The analogy isn’t perfect. Whereas Adam’s action (like Prometheus’s) was catastrophic, Jesus’s action was, to borrow Tolkien’s word, eucatastrophic. Whereas Adam’s was an act of disobedience, Jesus’s action was one of obedience. Whereas Adam’s action was a betrayal of God, Jesus’s action was a gift of God. Whereas Adam’s action brought about a regime of death, Jesus’s action brought about the victory of life. Jesus, in other words, is like Adam turned right-side-up.
The more I look at this passage, the less I see how it makes a lick of difference to the force of Paul’s argument whether Adam is a historical figure or not. To my mind, the fundamental analogy still holds even if we were to add one more disanalogous element to those we have already rehearsed: whereas Adam was a fictional character of a mythic past, Jesus was for Paul a historical figure of recent memory. No matter. The comparison still holds. Jesus is, in some important ways, like Adam, just as He is said elsewhere in the New Testament to be like Moses, like Jonah, like Jeremiah, like Elijah, like a lamb, like a vine, like a door, like a shepherd, and like dozens of other things.
So did Paul personally believe in a historical Adam? Probably. He was a first century Jew. I’d be surprised if he didn’t (and I’d also be surprised if he didn’t believe in a geocentric cosmos, for that matter).
But does Paul need Adam to be a historical figure in order to make his argument in Romans 5? No, not really. And I would say the same, mutatis mutandis, for his argument in 1 Corinthians 15. The link between Adam and Jesus that he is making is more like Bird and Sherwin’s link between Prometheus and Oppenheimer than it is like the link between, say, Jesus and Pontius Pilate. It is a fundamentally anological link, not a fundamentally historical link.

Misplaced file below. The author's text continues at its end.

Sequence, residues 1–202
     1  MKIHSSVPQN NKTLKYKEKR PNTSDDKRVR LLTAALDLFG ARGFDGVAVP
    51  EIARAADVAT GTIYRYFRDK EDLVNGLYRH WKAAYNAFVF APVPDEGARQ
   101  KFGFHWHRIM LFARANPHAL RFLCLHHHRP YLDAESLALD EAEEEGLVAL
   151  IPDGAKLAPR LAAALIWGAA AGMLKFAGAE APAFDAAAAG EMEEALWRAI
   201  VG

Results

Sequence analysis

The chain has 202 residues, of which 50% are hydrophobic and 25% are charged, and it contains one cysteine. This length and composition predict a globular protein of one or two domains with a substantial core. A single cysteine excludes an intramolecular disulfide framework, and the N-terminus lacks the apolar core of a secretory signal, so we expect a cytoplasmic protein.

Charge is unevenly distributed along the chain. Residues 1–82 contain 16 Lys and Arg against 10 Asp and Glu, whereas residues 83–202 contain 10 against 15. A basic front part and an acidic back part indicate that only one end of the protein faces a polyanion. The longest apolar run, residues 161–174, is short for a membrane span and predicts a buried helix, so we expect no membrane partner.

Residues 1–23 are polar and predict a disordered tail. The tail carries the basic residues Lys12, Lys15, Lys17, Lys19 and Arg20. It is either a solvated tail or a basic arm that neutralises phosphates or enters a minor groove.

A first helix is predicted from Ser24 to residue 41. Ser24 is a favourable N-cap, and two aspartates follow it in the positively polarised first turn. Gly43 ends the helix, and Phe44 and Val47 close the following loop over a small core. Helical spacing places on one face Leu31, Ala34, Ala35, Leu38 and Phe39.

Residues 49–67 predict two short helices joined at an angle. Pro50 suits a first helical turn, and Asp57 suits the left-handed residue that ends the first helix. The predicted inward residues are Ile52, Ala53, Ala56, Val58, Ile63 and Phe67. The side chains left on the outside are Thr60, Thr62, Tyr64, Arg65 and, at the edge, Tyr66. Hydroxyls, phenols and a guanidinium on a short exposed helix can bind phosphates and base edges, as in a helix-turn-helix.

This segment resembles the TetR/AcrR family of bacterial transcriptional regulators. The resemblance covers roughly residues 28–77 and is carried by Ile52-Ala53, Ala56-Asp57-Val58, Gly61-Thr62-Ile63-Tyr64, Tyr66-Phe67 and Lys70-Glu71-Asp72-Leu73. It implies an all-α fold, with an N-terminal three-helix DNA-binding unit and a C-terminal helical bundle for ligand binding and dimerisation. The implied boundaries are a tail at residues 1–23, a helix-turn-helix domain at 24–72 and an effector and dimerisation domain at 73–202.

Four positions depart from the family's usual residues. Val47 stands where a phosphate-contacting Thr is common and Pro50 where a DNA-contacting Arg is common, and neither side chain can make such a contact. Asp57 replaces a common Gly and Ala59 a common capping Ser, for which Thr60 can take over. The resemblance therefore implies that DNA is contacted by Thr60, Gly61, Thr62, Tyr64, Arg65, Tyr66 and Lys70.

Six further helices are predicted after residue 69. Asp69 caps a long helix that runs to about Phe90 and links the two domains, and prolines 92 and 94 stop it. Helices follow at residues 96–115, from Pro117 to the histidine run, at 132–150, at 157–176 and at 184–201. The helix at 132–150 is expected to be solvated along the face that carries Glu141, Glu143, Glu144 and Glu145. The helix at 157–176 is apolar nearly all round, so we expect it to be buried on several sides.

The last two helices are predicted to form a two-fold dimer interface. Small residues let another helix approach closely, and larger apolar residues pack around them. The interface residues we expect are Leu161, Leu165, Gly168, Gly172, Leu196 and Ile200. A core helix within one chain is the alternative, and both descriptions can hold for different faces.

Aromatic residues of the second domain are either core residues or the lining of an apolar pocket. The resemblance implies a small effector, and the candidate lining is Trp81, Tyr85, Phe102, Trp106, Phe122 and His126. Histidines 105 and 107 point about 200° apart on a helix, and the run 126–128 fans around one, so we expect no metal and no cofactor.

All of this, of course, matters for those of us who take the New Testament to be our primary source for thinking about life, the universe, and everything, and who are keeping abreast of conversations in both the natural sciences and biblical scholarship which suggest that Genesis is not best understood as a textbook on natural history (see, e.g., this story by NPR). The evidence isn’t all in. It never is. But it is getting harder and harder to make a case for a historical Adam and that is disconcerting in excelsis for many Evangelicals, Fundamentalists, and others who see the Christian faith itself as being on the line in these discussions.
But, really, who needs a historical Adam? I don’t think Paul does. Nor do I think that the essential trustworthiness of the Bible depends on Adam’s historicity.
So who needs–really needs–a historical Adam? Adherents to a traducian account of the soul and a peculiar understanding of original sin? Devotees of the Westminster Confession of Faith? Biblical literalists?
But these are all varieties of Christian faith, not Christianity per se. There have always been within the Christian tradition (better?) alternatives to these particular theological stances, some of which do not logically depend upon the historicity of the Adam story. If the evidence should continue to mount against the historicity of Adam, the choice before us should not be whether we will be Christians or not, but whether we will be these sorts of Christians or those sorts of Christians. Christianity itself is simply not at stake.
So do you need a historical Adam? If so, help me understand why you do. If you don’t, you can tell me about that too.